Preprint Review Version 1 This version is not peer-reviewed

The Role of Transcranial Magnetic Stimulation as a Diagnostic Tool for Multiple Sclerosis

Version 1 : Received: 2 April 2018 / Approved: 2 April 2018 / Online: 2 April 2018 (16:03:29 CEST)

How to cite: Bashir, S.; M. Alsharidah, M.; S.Alseneidi, S.; A. Alkharan, A.; Hamza, A. The Role of Transcranial Magnetic Stimulation as a Diagnostic Tool for Multiple Sclerosis. Preprints 2018, 2018040026 (doi: 10.20944/preprints201804.0026.v1). Bashir, S.; M. Alsharidah, M.; S.Alseneidi, S.; A. Alkharan, A.; Hamza, A. The Role of Transcranial Magnetic Stimulation as a Diagnostic Tool for Multiple Sclerosis. Preprints 2018, 2018040026 (doi: 10.20944/preprints201804.0026.v1).

Abstract

Multiple sclerosis (MS) is an immune-mediated, chronic inflammatory disease of the central nervous system (CNS), characterized by demyelination, axonal degeneration, and cognitive impairment. It also has an important impact on the quality of life of patients and their family members. An estimated 2,500,000 people in the world have multiple sclerosis. Neurophysiological parameters, like sensitivity to demyelination and the strength of excitatory and inhibitory synaptic interactions in the cerebral cortex, can be identified through transcranial magnetic stimulation (TMS) in patients affected by multiple sclerosis (MS). These parameters can be valid and objective parameters that can be correlated with the progression of MS, and can provide reliable indices for the severity of illness and the efficacy of drugs used to treat it. The discovery of specific and detailed neurophysiological parameters as surrogate end points for disease activity could represent an important step in clinical trials. Changes in cortical connectivity have already been demonstrated in MS, but in clinical practice, other measures are usually used to evaluate disease activity. We speculate that TMS may be more effective in identifying disease progression that leads to long-term disability, compared to standard surrogate markers, due to the fact that it represents a direct measure of synaptic transmission(s) in MS.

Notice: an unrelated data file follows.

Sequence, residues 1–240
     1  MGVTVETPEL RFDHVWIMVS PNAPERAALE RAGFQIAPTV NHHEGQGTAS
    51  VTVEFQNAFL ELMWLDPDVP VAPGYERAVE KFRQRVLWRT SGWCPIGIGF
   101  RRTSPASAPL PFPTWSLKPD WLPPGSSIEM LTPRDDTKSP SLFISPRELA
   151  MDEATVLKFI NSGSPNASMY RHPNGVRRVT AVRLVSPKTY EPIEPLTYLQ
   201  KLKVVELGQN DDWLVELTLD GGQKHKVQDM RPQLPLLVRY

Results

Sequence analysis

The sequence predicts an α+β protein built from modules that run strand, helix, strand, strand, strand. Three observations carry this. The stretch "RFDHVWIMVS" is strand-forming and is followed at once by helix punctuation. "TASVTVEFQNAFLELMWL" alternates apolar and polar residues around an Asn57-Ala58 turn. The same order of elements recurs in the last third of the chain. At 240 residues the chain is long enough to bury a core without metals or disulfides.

Subject Areas

MS: Multiple sclerosis, TMS: transcranial magnetic stimulation, Evoked Potentials;

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